RIDGWAY'S PARATROOPERS; The American Airborne In World War II. By Clay Blair. Dial. 588 pp. $19.95.
THE PARACHUTE SOLDIER captured the imagination of the public in the Second World War, and has never since lost it, despite the deep-rooted skepticism of many professionals about the cost and effectiveness of airborne operations. Almost every army in the world today counts paratroop units among its elites. It is unlikely that there will ever again be massed parachute drops into action. But the spirit, the courage and dynamic inspired by airborne training are invaluable on any battlefield, as the British Parachute Regiment recently demonstrated in the Falklands.
In the Second World War, while America found great difficulty in forging infantry units of a quality to match those of Germany, the U.S. Airborne forces by 1945 had shown themselves among the finest fighting foot soldiers in the world. It cannot be a coincidence that the 82nd and 101st divisions produced such a glittering array of exceptional commanders at every level, among whom Gavin, Taylor and Ridgway were only the most celebrated. Matthew Ridgway, indeed, went on to perform a remarkable transformation of the American forces in Korea, at the brink of disaster. Clay Blair proposes to tell this story in a second volume of what one might call his military biography. But in this first volume, he deals exclusively with World War II, using Ridgway as a central figure around which to build a history of the inception and growth of the American airborne.
The Russian army startled the military world with their pioneering parachute exercises in the 1930s. But it was the Germans, using paratroops to such effect to spearhead their 1940 Blitzkriegs, whose achievements convinced the American and British armies that they must create powerful airborne forces. Ironically, the commitment of great resources to paratroops began in both countries just as Hitler, after Crete, had determined that the cost of massed parachute operations was too high to be borne. But this, of course, was unknown in London and Washington.
Omar Bradley was the first commander of the U.S. 82nd Airborne, but within a few months he was replaced by the austere, formidable Ridgway, a man of 46 when America entered the war. He approached parachuting with some trepidation -- not surprising when the transport pilots were learning their business from scratch, each man was still packing his own chute, and the army was riven by dissent about what the role of paratroops should be.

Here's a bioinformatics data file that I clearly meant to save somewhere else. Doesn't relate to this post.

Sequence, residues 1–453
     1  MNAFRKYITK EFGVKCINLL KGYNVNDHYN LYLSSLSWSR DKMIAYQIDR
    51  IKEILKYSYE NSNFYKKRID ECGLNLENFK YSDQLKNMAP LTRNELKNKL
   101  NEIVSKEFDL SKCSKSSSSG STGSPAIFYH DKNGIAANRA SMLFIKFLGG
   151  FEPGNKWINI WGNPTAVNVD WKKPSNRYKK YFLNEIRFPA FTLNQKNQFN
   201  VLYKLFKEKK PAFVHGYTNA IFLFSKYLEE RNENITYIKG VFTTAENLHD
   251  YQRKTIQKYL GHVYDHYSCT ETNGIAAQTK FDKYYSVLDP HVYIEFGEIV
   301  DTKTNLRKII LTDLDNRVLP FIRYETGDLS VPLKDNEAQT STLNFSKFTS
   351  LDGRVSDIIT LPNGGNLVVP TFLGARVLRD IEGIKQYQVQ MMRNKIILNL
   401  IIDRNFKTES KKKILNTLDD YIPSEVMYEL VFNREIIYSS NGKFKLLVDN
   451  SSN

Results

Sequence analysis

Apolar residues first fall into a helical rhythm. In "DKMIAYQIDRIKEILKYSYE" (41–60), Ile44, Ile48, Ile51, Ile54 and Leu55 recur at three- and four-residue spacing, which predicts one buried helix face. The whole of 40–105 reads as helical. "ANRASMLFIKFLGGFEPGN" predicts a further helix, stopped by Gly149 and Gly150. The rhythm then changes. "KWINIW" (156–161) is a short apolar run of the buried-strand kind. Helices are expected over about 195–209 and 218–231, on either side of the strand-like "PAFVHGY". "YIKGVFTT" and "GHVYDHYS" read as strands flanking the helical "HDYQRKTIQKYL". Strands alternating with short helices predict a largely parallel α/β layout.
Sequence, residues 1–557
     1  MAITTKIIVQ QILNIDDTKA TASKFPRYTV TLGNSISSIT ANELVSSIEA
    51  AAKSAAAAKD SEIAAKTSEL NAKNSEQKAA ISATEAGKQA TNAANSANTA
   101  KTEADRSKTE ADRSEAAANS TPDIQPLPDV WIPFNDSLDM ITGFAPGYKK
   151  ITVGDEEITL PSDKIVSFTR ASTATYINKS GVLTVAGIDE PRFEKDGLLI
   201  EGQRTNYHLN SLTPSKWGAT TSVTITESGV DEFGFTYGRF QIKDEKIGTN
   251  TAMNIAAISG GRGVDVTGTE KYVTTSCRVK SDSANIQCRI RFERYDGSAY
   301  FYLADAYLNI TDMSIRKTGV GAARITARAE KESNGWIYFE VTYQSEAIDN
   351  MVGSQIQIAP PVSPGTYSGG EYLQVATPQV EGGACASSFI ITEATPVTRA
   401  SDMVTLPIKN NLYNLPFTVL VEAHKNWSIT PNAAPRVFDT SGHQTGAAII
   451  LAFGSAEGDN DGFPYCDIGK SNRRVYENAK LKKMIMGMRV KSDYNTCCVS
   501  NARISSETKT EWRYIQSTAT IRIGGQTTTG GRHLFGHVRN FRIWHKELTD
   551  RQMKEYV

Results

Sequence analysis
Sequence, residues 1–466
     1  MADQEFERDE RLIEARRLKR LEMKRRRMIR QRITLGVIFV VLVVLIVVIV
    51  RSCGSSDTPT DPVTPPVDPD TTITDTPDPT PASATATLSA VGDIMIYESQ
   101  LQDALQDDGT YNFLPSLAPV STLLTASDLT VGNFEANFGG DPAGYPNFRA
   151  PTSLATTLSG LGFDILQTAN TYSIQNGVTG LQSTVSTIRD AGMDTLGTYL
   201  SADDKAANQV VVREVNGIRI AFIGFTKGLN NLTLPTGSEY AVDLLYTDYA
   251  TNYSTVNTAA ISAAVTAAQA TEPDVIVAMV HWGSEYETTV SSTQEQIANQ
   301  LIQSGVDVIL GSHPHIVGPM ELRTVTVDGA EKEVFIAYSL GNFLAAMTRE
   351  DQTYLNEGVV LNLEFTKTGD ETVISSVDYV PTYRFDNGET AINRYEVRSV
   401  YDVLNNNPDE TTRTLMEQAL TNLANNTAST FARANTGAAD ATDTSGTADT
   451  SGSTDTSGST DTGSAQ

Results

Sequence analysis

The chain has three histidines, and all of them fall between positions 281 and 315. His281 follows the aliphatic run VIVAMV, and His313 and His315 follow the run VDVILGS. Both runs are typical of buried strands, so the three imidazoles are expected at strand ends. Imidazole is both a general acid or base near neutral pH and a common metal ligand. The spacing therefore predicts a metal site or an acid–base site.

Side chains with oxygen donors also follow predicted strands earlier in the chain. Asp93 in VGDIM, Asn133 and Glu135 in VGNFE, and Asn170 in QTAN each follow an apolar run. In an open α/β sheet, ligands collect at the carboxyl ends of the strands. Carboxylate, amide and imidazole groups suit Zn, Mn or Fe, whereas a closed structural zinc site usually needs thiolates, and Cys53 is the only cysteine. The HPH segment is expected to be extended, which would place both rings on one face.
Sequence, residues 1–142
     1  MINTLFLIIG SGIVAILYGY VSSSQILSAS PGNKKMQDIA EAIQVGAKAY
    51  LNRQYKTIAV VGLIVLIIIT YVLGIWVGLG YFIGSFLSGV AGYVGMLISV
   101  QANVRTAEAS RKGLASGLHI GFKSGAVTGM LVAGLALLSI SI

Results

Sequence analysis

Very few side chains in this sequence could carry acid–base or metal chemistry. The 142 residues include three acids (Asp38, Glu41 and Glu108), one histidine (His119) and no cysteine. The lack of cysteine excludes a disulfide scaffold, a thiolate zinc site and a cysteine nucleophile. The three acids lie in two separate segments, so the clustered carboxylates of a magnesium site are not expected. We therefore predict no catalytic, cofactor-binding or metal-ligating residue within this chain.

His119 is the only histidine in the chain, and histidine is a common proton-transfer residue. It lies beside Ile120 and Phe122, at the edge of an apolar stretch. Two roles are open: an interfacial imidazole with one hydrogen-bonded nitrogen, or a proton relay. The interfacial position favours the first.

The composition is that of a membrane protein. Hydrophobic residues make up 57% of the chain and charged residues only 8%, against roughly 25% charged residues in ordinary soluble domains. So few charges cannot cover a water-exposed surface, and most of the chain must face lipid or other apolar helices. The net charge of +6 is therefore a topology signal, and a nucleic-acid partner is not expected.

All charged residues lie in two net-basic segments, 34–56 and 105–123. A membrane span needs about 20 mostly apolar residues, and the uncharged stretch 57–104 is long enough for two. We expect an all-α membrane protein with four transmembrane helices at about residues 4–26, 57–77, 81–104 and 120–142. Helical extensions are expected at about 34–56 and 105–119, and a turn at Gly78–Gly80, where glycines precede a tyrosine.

General Lesley J. McNair, like Eisenhower later, was skeptical about creating big formations for massed operations, and initially imposed a concept of divisional drops spearheaded by one parachute regiment, followed into action by two gliderborne regiments. This organization was later changed to reduce the gliderborne element after experience in action, when it was found that the esprit de corps and determination of the glider units fell some distance behind those of the parachutists, and that glider landings were fraught with difficulties of their own.
The great achievement of Ridgway and his colleagues through 1942 was to impose very high standards of fitness and training on their men, which in turn bred immense self confidence on the battlefield. Although a few Americans dropped into North Africa, the first major airborne operation took place in support of the 1943 Sicilian landings. It was a near-disaster: bad navigation and undisciplined flying scattered parachutists all over the island and the Mediterranean; poor liaison with the fleet resulted in horrifying casualties from friendly anti-aircraft fire. By Ridgway's reckoning, just 425 of 3,405 men of the 82nd were dropped near their objectives.
THE ARGUMENT about the proper employment of paratroops persisted into Italy. An alarming proposal for a drop on the edge of Rome was aborted only at the last moment, to Ridgway's huge relief. By the time final planning began for Overlord, the invasion of Northwest Europe, Blair writes that despite all the glamorous publicity, the truth was that so far airborne combat operations had been disappointing -- or worse. Yet amid the dismaying catalogue of difficulties revealed in landing paratroops, operations in North Africa and Italy had also revealed their extraordinary combat quality, the ability of even small numbers to cause important confusion behind the enemy's front. In Italy, generals had already begun to use the airborne to stiffen uncertain infantry formations. This was a practice that, in Northwest Europe, would become commonplace. Whatever the difficulties of deploying them into action, the Allies' parachute units were simply too good not to use.